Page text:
- A watchdog group is pointing to a discrepancy between his financial disclosures and the payments made to his former lawyer as detailed in court documents.
- In May, Trump signed a financial disclosure form that stated he "fully reimbursed" personal attorney Michael Cohen between $100,001 and $250,000 in 2017.
- But documents filed by federal prosecutors Tuesday stated that Cohen received $420,000 from the Trump Organization over the course of last year.
President Donald Trump could be facing yet another legal headache. A watchdog group is pointing to a discrepancy between his financial disclosures and the payments made to his former lawyer as detailed in court documents.
In May, Trump signed a financial disclosure form that stated he "fully reimbursed" personal attorney Michael Cohen between $100,001 and $250,000 in 2017. But court documents filed by federal prosecutors Tuesday stated that Cohen received $420,000 from the Trump Organization over the course of last year.
The discrepancy prompted the Project on Government Oversight, or POGO, to send a letter to the Office of Government Ethics, or OGE, on Thursday, asking it to review the matter. POGO is a nonpartisan independent watchdog that investigates and exposes waste, corruption and abuse of power, according to its website.
Specifically, the letter says OGE should look at whether Trump underreported "knowingly and willfully, in violation of federal law."
It also asked for this inconsistency to expand the Department of Justice's investigation into Trump's previous financial disclosure report, which did not include any debts or payments to Cohen.
"It is quite notable," said POGO's general counsel, Scott Amey. "This may constitute a false statement by the president. If they were paying him $420 [thousand] they should have put the whole amount in there."
The OGE states on its website that criminal action could be taken against any individual who "knowingly and willfully falsifies information required to be reported." The agency reiterated the point in a tweet Thursday.
John Coffee, a professor at Columbia Law school focusing on securities regulation and white-collar crime, said the difference of $170,000 is quite likely material, "and thus, a potential criminal violation."
The whole situation revolves around payments that Cohen, Trump's former personal lawyer, made to adult film star Stephanie Clifford, also known as Stormy Daniels. Cohen is known to have paid Clifford $130,000 just before the 2016 presidential election in exchange for her silence over an alleged affair with Trump.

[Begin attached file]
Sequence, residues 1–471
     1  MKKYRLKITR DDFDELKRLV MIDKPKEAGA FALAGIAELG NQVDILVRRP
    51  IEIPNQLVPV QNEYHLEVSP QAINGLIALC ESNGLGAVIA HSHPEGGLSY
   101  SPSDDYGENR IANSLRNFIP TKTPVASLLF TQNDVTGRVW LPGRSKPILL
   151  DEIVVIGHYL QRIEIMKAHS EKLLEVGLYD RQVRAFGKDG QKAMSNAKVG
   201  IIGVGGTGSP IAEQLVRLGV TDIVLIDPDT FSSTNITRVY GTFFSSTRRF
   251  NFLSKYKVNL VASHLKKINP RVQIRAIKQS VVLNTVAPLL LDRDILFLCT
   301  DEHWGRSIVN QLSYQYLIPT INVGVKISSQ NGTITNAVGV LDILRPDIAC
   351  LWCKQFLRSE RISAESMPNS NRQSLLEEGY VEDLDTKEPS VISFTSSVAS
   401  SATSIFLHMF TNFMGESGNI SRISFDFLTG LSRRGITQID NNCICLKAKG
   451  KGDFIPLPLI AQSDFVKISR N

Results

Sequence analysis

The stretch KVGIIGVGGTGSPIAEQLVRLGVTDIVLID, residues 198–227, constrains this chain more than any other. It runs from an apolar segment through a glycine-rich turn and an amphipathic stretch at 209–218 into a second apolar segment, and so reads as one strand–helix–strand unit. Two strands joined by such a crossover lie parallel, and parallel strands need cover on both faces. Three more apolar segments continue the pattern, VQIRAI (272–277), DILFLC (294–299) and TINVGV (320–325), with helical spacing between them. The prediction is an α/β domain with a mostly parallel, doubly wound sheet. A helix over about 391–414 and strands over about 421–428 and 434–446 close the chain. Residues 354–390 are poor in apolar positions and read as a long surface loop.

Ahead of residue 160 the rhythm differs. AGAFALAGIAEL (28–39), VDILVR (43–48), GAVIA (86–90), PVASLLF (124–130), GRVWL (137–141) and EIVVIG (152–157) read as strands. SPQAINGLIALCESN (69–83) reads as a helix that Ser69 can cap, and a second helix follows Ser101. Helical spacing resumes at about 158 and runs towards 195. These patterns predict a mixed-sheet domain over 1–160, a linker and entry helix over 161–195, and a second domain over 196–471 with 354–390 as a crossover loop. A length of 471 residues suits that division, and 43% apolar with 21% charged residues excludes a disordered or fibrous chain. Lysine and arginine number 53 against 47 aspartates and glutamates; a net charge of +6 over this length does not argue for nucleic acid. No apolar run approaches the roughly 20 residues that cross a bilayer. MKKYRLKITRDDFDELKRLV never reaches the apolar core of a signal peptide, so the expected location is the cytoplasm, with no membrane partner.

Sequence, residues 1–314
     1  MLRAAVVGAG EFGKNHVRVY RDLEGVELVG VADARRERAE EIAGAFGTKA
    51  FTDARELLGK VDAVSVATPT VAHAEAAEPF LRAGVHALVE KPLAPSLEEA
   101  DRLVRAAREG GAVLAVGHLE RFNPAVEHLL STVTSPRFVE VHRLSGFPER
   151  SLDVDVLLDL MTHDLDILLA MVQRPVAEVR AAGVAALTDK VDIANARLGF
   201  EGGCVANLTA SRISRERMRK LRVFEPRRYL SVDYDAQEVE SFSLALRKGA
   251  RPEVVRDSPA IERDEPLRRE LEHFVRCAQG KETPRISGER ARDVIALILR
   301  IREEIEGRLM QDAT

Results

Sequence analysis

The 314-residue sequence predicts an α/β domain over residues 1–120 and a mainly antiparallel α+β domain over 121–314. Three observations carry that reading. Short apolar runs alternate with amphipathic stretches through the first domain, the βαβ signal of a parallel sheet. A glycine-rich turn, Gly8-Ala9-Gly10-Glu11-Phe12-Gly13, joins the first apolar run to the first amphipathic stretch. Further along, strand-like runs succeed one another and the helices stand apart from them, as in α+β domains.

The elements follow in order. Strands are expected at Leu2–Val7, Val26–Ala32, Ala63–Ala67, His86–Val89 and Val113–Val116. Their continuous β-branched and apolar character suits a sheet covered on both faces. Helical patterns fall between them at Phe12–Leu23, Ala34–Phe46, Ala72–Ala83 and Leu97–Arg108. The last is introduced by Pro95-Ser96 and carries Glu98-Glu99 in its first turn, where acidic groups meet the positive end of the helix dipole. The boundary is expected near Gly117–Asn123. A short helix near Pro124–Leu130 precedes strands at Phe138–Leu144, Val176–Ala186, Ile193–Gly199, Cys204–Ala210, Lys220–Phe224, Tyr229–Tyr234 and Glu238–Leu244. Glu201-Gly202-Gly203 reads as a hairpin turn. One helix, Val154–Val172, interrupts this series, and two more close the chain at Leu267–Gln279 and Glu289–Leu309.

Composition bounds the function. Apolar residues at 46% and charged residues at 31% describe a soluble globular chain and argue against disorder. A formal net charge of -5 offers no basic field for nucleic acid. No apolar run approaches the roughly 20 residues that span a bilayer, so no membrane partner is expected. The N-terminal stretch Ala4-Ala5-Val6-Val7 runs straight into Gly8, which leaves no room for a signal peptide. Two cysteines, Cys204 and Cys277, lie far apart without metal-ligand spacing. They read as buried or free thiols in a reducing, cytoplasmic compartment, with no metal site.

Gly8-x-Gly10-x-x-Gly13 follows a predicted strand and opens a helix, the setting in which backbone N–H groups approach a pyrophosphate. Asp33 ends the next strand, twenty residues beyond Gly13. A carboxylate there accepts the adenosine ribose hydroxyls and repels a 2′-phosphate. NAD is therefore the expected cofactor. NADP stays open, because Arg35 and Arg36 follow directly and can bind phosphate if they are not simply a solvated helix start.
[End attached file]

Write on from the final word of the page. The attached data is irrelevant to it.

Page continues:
Trump and his team initially dodged questions on the topic, and Trump denied knowing anything about the payment in April. But Rudy Giuliani, the president's lead outside counsel in the Russia probe, confirmed the payment in early May in an interview with Fox News. Trump then tweeted about it, saying it wasn't campaign related.
Ethics experts wondered whether Trump's debt to Cohen would be disclosed on his OGE form 278e, a financial disclosure that candidates and public officials in the executive branch are required to complete annually.
Sure enough, the liability was reported in a footnote, dated May 15, 2018, and signed by Trump. The OGE told the Department of Justice that the payment made by Cohen was required to be reported as a liability and that the information provided in the form fulfilled that requirement.
But now, with Cohen pleading guilty to the felony of making an excessive campaign contribution, and implicating the president in the process, the value of the disclosure is getting a fresh look.
The filing states that Cohen showed a copy of a bank statement to executives of the Trump Organization, reflecting the $130,000 he paid Clifford. He also added in a wire fee and another $50,000 for "tech services."
According to the filing, it was "the Company" that "grossed up" the requested reimbursement for "tax purposes" – to make sure Cohen got paid in full after paying taxes – an unorthodox practice for a reimbursement. They also added a bonus of $60,000. Cohen then sent monthly invoices, and the total of $420,000 was paid to Cohen in $35,000 increments.
Amey says he doesn't think there's much "wiggle room" over the value of the disclosure.
By the time the president signed the form on May 15, 2018, the full sum has been paid out to Cohen.
The concern over the discrepancy is not unanimous. Since U.S. attorneys for the Southern District of New York viewed Cohen's payment to Clifford as an illegal campaign contribution, it may become unnecessary for Trump to disclose it personally.
But Trump can't have it both ways. If he claims the payment had nothing to do with the campaign, as he did in his Fox News interview this week, then it would need to be disclosed on his form 278e. Walter Shaub, former director of the OGE, and former Obama ethics counsel Norm Eisen each tweeted about the issue this week. They are both frequent critics of Trump.
To be clear, Amey says he is unaware of anyone being charged for an inaccuracy on a financial disclosure like this. And Coffee points out, "You can make a factually incorrect statement without it being criminal," for example, if Trump did not know about the additional payments beyond $130,000.
The White house did not return CNBC's request for comment by the time of publication. The Office of Government Ethics pointed CNBC toward the letter it sent the Department of Justice in May and had no comment on the current matter.